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In House PIP Counsel Not Prohibited From Suing Carrier - CURE v. Kurtz, A-4330-11

"Plaintiff Citizens United Reciprocal Exchange (CURE) appeals from the Chancery Division order dismissing its July 22, 2013 complaint to disqualify an attorney and a law firm pursuant to Rules of Professional Conduct (RPCs) 1.9 and 1.10. We affirm.

"The record reveals that CURE identifies itself as "an insurance reciprocal exchange authorized by the Department of Banking and Insurance to exchange reciprocal contracts among its members." It employed defendant Allison T. Kurtz as an in-house attorney from October 19, 2009 to December 5, 2011. Kurtz's primary assignment involved representing CURE against personal injury protection (PIP) claims, mainly at arbitration. During her tenure, Kurtz worked on approximately 180 PIP matters, including several filed by defendant Massood & Bronsnick, L.L.C. ("the law firm" or "the firm")."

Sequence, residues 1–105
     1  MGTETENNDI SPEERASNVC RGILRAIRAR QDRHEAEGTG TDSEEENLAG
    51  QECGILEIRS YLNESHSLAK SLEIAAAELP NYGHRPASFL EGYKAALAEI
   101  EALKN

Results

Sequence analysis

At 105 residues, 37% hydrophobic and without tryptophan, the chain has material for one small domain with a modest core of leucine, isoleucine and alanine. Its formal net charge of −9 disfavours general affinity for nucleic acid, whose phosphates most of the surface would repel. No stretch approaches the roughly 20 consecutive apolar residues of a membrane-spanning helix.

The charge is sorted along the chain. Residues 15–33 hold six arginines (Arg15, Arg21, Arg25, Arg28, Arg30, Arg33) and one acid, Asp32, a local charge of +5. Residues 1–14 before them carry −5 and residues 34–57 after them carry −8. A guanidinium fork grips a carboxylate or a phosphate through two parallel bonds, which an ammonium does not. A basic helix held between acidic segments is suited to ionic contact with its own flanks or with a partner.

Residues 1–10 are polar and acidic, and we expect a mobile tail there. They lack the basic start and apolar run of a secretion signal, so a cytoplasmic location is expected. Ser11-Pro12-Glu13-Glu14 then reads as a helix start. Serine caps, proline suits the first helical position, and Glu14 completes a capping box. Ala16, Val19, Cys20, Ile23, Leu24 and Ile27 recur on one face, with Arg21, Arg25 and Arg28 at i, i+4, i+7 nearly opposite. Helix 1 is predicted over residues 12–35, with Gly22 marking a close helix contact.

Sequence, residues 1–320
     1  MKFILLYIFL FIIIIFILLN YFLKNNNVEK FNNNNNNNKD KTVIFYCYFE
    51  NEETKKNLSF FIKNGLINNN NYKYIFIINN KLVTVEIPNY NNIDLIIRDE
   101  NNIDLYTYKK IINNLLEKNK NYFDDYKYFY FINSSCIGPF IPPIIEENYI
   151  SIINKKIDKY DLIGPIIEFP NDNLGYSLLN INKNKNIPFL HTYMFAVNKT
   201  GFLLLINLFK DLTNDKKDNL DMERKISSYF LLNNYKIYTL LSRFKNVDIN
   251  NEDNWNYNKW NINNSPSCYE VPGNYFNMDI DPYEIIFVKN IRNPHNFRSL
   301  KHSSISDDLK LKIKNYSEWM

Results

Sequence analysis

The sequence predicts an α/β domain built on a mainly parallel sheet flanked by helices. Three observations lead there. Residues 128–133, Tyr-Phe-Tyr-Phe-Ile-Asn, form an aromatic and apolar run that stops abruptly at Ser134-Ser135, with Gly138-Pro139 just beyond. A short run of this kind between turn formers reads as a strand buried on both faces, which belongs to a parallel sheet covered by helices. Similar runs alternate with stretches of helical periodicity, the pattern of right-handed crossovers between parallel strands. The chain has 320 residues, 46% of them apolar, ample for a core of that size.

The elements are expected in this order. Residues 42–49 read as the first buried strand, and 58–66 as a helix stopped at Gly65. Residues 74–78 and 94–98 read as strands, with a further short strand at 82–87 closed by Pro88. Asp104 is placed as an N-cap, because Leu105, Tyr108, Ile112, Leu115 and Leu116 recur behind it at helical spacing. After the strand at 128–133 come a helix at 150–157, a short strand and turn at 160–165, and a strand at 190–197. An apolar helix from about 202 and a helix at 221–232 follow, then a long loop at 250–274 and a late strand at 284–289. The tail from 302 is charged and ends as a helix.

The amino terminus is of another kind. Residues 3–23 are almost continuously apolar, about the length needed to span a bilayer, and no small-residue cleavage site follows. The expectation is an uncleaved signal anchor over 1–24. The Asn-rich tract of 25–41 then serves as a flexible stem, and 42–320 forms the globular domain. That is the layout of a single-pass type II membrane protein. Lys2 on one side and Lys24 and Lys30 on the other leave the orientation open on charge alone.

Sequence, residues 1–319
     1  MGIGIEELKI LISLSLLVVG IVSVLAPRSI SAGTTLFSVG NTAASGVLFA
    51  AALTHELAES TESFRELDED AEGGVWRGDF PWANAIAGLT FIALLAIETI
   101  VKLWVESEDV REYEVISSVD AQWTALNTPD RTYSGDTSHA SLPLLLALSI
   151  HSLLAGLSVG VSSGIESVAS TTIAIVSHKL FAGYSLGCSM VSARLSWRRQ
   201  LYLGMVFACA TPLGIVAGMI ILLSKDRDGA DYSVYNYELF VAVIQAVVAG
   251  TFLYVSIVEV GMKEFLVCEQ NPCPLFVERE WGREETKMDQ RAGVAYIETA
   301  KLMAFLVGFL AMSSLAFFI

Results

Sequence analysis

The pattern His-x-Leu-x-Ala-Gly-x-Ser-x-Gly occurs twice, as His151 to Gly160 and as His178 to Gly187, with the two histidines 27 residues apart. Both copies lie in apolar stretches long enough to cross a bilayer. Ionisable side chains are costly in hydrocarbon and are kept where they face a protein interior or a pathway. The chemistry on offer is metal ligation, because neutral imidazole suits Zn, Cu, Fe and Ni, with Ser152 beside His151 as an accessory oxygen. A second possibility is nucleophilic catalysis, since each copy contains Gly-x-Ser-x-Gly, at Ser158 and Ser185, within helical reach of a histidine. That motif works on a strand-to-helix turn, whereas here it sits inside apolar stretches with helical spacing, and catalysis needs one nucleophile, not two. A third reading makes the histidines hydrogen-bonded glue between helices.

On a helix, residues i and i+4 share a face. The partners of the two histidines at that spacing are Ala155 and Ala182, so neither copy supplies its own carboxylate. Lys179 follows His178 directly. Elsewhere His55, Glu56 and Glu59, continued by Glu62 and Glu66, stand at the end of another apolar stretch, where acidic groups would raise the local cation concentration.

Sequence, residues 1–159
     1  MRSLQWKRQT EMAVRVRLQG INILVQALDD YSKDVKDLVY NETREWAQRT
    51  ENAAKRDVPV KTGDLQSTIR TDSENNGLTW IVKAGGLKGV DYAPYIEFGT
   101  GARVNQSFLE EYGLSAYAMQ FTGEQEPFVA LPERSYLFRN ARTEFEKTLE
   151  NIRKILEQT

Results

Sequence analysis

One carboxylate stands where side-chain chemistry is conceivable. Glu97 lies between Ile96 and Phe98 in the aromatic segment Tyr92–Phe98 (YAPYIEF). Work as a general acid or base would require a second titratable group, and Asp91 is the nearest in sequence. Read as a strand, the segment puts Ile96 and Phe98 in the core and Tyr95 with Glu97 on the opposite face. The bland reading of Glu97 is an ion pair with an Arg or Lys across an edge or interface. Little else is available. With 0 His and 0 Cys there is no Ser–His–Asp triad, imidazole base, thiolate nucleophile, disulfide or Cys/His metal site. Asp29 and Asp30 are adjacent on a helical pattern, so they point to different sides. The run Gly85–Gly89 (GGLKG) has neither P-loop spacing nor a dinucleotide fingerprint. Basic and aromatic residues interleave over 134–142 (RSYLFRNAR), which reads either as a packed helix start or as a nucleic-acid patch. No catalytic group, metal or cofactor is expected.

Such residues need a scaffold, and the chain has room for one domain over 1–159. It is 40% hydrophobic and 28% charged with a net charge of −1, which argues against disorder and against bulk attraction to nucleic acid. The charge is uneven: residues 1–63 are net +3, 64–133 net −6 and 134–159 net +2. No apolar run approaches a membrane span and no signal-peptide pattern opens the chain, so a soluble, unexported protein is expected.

[Thereafter, Ms. Kurtz left CURE to become an associate at the firm and CURE filed an Order to Show Cause to disqualify her and the firm from any cases involving CURE.]

"Based upon our review of the record and the applicable legal principles, we agree with the trial court that CURE failed to demonstrate that Kurtz had acquired confidential information that could be used against CURE in future PIP matters. CURE's allegations that Kurtz had knowledge of business practices, litigation strategies, and staff personalities were too imprecise and general to meet the high standard required by Trupos to show that the matters were substantially related. The judge appropriately noted that the general knowledge Kurtz had received did not become confidential factual information when used in the relatively informal, routine, fact-specific PIP proceedings. We conclude that CURE did not meet its burden of proving that a violation of RPC 1.9 occurred."

CURE v. Kurtz, A-4330-11 - full decision below...